Furthermore, the TAT held that consistency in the application of methods from year to year is very important and fundamental.
Best practices concerning selection of TP methodology involves a process that starts with a consideration of the respective strengths and weaknesses of the various TP methods, followed by a detailed Function, Asset and Risk (FAR) analysis. The FAR analysis enables the taxpayer to accurately characterize the related party transaction. Accurate characterization of a controlled transaction will enable the taxpayer to select an appropriate TP method for analyzing the controlled transaction. Finally, the taxpayer is expected to consider the availability of information required to apply the method as well as the degree of comparability between the controlled and uncontrolled transactions.
There are instances where more than one TP method may be considered appropriate in analyzing a controlled transaction after following the TP method selection procedure. In such instances, the OECD Guidelines and UN TP Manual recommend the selection of the Most Appropriate Method (MAM) based on the information obtained from the selection procedure. However, the chosen TP method is generally expected to be applied consistently by the taxpayer.
While the taxpayer is expected to apply the chosen TP method consistently, the TP method may be changed if there are any changes in the facts of the controlled transaction, functions of the entities involved or availability of data in subsequent periods. It is, therefore, very important for taxpayers to select a TP method based on the recommended procedure, maintain clear and sufficient documentation of the selection procedure and provide records of any changes which occurred during the relevant period that necessitated the change in the TP method.
Whether the Respondent's action of using the GPM as the PLI in the instant Transfer Pricing transaction is valid and in accordance with the TP Regulations, OECD and UN Guidelines.
The TAT held that the TNMM with the GPM as a PLI was the most appropriate PLI in this instance based on OECD Guidelines as explained by the Respondent.
Based on the rules on the application of the TP methods in the OECD Guidelines and the UN TP Manual, the TNMM seeks to test the net profit margin of a company relative to an appropriate base, e.g., costs, sales or assets. Gross profit level indicators should ideally be used when the selected TP method tests a company's performance at the gross profit level such as where a taxpayer selects the Resale Price Method (RPM) or the Cost-Plus Method (CPM). Regulation 18 of the Nigeria TP Regulations provides that the TP Regulations shall be applied in a manner consistent with the OECD Guidelines and UN TP Manual.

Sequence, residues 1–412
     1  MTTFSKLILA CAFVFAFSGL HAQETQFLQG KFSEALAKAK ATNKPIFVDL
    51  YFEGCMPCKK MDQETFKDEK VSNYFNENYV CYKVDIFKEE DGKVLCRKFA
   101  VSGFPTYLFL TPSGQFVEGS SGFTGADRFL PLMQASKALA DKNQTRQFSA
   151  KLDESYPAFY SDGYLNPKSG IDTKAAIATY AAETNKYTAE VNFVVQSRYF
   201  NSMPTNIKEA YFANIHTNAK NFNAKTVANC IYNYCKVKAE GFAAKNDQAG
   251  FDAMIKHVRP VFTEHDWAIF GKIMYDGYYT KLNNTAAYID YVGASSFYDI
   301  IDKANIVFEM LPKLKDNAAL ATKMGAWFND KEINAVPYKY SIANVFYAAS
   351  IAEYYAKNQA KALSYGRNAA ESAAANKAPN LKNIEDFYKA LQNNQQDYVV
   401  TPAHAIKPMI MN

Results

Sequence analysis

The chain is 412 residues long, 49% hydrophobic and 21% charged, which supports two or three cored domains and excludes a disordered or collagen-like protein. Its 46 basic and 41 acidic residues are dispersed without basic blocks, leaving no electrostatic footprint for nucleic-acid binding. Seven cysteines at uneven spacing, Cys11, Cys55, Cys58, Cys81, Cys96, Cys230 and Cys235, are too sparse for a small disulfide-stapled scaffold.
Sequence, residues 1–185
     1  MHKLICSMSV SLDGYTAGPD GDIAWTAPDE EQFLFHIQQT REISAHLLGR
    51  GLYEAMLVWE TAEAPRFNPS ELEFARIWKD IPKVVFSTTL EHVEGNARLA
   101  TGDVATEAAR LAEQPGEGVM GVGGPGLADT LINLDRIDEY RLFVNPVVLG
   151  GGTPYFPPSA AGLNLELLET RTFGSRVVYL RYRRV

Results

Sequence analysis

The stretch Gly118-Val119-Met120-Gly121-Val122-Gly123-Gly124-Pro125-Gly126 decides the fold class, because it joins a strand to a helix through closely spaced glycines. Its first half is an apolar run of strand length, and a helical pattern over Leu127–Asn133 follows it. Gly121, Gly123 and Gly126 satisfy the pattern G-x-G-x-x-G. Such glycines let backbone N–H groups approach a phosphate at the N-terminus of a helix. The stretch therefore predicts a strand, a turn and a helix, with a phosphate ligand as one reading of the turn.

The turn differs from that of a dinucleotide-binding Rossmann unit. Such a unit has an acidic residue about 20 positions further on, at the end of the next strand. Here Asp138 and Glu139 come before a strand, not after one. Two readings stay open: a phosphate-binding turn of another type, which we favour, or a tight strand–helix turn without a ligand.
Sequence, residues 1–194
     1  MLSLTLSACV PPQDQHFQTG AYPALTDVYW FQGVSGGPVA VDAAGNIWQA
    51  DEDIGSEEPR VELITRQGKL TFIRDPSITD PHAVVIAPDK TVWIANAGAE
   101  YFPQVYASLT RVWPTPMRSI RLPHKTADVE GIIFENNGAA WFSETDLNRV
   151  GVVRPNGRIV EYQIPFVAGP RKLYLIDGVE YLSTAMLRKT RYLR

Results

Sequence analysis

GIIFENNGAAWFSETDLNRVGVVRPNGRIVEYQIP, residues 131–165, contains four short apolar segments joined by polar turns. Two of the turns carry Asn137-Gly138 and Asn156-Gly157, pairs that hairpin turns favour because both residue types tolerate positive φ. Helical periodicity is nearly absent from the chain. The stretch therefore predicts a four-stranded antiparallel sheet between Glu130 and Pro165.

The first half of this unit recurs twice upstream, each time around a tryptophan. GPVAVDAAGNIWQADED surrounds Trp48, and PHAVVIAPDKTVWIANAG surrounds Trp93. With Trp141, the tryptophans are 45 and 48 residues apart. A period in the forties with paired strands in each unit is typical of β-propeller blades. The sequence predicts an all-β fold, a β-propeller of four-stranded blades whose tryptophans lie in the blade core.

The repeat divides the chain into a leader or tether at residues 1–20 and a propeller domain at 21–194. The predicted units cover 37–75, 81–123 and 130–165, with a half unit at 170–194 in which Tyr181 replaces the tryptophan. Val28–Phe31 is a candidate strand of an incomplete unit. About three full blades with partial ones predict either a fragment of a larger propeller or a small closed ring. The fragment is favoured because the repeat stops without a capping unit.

However, in complete contrast to the OECD Guidelines, the FIRS applied the TNMM using a gross profit level indicator, that is, the GPM. It is, therefore, clear that the FIRS was wrong in saying that the method applied to analyze the transaction was the TNMM, as the PLI (GPM) adopted is not consistent with the definition and application of the TNMM as described in the OECD Guidelines and the UN TP Manual. This is because the OECD Guidelines and UN TP Manual both recognize the GPM as the PLI to be applied when using the RPM.
Whether the Appellant's failure to file their returns within the prescribed period required by the extant tax laws validates the penalty and interest imposed by the Respondent vis-Ã vis the provisions of paragraph 4(2) of the TP Regulations 2012, Section 55 of the Companies Income Tax Act, Cap. C21 LFN, 2004 (CITA) and Section 32 of the Federal Inland Revenue Service (Establishment) Act 2007 (FIRSEA).
TAT held that the FIRS was right to disregard the TP method used by the Appellant and upheld the imposition of penalty and interest based on the Appellant's failure to file its returns and pay the relevant taxes as and when due.